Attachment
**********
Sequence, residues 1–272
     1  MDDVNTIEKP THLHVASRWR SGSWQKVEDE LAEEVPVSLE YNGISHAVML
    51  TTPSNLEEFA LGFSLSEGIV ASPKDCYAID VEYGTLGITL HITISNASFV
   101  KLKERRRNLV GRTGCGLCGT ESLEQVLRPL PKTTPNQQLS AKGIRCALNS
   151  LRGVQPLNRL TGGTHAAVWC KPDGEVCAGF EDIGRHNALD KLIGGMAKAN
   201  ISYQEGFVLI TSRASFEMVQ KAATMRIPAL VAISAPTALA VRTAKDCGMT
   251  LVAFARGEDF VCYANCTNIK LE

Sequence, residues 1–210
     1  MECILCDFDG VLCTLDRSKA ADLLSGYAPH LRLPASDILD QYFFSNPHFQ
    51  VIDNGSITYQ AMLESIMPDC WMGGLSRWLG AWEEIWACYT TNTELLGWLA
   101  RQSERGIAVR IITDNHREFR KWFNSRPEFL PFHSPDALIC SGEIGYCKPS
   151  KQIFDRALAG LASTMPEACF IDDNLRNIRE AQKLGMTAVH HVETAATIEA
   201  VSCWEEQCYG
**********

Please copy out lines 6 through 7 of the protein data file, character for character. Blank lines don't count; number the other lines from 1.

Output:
   201  ISYQEGFVLI TSRASFEMVQ KAATMRIPAL VAISAPTALA VRTAKDCGMT
   251  LVAFARGEDF VCYANCTNIK LE